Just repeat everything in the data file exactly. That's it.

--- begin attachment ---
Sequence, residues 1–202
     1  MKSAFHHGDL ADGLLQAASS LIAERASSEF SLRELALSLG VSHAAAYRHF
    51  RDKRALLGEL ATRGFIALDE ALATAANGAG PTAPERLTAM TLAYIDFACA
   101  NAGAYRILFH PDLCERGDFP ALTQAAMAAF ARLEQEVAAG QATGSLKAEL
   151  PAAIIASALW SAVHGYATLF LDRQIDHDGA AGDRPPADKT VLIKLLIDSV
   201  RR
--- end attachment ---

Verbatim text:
Sequence, residues 1–202
     1  MKSAFHHGDL ADGLLQAASS LIAERASSEF SLRELALSLG VSHAAAYRHF
    51  RDKRALLGEL ATRGFIALDE ALATAANGAG PTAPERLTAM TLAYIDFACA
   101  NAGAYRILFH PDLCERGDFP ALTQAAMAAF ARLEQEVAAG QATGSLKAEL
   151  PAAIIASALW SAVHGYATLF LDRQIDHDGA AGDRPPADKT VLIKLLIDSV
   201  RR